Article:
The Biden administration unveils new tax reporting rules for cryptocurrency

Bitcoins are shown in this illustration

Bitcoins are seen in this illustrative photo taken on September 27, 2017. REUTERS/Dado Ruvik/Illustration/File Photo Obtain licensing rights

Aug. 25 (Reuters) – Cryptocurrency brokers, including exchanges and payment processors, will have to report new information about user sales and exchanges of digital assets to the Internal Revenue Service (IRS) under a proposed rule by the US Treasury Department published on Friday.

The rule is part of a broader campaign by Congress and regulatory authorities to crack down on cryptocurrency users who may fail to pay their taxes.

The Treasury Department said the proposed new tax reporting form called Form 1099-DA is intended to help taxpayers determine whether they owe taxes, and will help cryptocurrency users avoid having to perform complex calculations to determine their earnings.

The Treasury said it would also subject digital asset brokers to the same information reporting rules as brokers for other financial instruments, such as bonds and stocks.

Under the proposal, the definition of “intermediary” would include both centralized and decentralized digital asset trading platforms, cryptocurrency payment processors and some online wallets where users store digital assets. The rule will cover cryptocurrencies, such as bitcoin and ether, as well as non-fungible tokens.

Brokers will need to send the forms to both the IRS and digital asset holders to help with their tax preparation.

The new requirements stem from the $1 trillion Infrastructure and Jobs Investment Act of 2021, which included a provision intended to increase tax reporting requirements for digital asset brokers. It has instructed the IRS to identify companies that qualify as cryptocurrency brokers and to provide reporting forms and instructions.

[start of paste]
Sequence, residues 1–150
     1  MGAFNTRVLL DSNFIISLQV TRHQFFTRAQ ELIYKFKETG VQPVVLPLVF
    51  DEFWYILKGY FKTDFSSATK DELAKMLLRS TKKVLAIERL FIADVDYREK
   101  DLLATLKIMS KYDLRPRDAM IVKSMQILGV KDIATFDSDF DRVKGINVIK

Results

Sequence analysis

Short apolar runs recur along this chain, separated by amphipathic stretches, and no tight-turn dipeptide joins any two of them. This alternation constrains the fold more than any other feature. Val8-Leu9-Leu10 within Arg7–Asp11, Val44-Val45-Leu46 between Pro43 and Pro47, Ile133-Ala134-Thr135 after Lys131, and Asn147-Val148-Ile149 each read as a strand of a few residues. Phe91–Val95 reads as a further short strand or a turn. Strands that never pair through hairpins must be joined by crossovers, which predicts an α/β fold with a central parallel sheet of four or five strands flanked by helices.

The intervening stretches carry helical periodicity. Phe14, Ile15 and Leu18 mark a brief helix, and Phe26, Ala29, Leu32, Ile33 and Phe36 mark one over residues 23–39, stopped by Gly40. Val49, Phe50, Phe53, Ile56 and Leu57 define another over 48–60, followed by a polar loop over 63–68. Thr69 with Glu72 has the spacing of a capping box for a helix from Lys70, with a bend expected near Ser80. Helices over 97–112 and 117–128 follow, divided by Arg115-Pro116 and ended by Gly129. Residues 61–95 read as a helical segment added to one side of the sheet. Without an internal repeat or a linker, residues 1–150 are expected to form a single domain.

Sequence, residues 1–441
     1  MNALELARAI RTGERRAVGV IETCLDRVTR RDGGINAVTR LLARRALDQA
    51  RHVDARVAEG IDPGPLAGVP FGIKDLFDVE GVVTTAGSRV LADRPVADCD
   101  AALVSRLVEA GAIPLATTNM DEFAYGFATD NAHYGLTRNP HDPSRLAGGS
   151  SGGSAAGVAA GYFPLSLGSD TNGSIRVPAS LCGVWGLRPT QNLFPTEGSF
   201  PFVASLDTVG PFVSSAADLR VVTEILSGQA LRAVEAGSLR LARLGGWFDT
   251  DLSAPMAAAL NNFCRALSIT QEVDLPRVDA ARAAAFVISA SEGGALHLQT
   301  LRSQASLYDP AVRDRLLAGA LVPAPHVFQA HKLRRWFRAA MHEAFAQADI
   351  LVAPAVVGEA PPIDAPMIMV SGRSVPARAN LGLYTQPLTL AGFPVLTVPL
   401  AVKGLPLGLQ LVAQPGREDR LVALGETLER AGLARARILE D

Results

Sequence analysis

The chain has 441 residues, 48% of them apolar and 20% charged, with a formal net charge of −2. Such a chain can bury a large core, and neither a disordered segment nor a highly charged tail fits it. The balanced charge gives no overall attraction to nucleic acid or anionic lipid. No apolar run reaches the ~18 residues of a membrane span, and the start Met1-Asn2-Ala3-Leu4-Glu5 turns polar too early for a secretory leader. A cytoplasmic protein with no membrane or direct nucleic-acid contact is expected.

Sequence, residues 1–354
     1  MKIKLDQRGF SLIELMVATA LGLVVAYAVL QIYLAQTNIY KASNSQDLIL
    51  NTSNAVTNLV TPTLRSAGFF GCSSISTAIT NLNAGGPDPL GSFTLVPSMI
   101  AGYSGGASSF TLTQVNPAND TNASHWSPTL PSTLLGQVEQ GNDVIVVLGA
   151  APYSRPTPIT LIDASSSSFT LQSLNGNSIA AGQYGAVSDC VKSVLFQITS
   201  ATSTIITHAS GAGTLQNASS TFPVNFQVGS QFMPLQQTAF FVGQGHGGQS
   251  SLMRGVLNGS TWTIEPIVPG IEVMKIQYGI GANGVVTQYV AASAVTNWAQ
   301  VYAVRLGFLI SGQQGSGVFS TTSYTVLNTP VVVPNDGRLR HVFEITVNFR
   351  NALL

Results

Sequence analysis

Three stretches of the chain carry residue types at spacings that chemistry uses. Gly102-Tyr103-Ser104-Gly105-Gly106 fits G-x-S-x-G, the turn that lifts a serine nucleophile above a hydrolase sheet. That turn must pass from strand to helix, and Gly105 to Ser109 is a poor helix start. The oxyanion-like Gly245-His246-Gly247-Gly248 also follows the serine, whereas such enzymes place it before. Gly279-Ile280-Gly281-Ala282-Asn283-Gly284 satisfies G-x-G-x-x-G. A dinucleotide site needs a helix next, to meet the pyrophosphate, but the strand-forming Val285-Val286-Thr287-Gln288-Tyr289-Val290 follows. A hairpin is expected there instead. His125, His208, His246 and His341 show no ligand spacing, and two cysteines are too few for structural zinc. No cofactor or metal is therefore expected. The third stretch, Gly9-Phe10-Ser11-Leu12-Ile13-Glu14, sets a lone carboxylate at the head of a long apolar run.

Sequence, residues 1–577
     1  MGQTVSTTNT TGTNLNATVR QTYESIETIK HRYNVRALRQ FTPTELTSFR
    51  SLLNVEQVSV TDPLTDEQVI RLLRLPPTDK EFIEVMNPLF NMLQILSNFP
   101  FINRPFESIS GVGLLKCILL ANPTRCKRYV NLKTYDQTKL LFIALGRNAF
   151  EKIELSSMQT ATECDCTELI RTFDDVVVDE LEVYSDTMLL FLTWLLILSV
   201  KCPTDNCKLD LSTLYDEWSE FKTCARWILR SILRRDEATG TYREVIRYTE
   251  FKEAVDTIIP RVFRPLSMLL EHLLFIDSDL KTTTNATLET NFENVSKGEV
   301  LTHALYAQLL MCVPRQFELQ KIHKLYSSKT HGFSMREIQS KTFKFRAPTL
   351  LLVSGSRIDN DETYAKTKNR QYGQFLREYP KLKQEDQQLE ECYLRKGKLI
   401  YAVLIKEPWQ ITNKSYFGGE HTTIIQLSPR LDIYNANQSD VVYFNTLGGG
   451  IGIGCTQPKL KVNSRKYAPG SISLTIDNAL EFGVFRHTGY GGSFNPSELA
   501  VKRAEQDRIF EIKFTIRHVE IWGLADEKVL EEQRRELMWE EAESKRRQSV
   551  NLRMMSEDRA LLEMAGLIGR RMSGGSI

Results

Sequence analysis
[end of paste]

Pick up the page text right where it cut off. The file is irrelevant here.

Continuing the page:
It also expanded reporting requirements for some monetary transactions over $10,000 to include digital assets.

At the time the bill was passed, it was estimated that the new rules could bring in nearly $28 billion over a decade.

The Treasury Department has suggested that the rules will be effective for brokers in 2025 for the 2026 tax filing season.

“This is part of a broader effort at the Treasury Department to close the tax gap, address the risks of tax evasion posed by digital assets, and help ensure that everyone plays by the same set of rules,” the Treasury said in a statement.

The cryptocurrency industry has had mixed reactions to the proposal. If properly implemented, the new rules “could help provide everyday cryptocurrency users with the information needed to accurately comply with tax laws,” Kristen Smith, CEO of the Blockchain Association, said in a statement.

Miller Whitehouse Levin, CEO of the DeFi Education Fund, a lobby group focused on decentralized finance, said the proposed approach would neither make filing taxes easier nor improve tax compliance.

“Today’s proposal from the IRS is confusing, self-refuting, and misleading. It attempts to implement intermediary regulatory frameworks where there are none,” he said in a statement.

The IRS currently requires cryptocurrency users to report their tax returns on many digital asset activities, including cryptocurrency trading, regardless of whether the transactions resulted in gains. Users are required to make this calculation themselves, and the platforms on which digital assets are traded do not provide this information to the IRS.

Several Democratic senators, including Elizabeth Warren, urged the Treasury Department In a letter sent earlier this month to implement the rules quickly, arguing that otherwise tax evaders and cryptocurrency brokers “will continue to game the system”.

The Treasury Department and the IRS are accepting comments on the proposal through Oct. 30. They will also hold public hearings on the proposal on November 7-8.

Reporting by Hannah Lang in Washington; Editing by Debbie Babbington and Michelle Price

Our standards: Thomson Reuters Principles of Trust.

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Hannah Lang covers fintech and cryptocurrency, including the companies driving the industry and the policy developments governing the sector. Hannah previously worked at American Banker where she covered banking regulation and the Federal Reserve. Graduated from the University of Maryland, College Park, and lives in Washington, DC.

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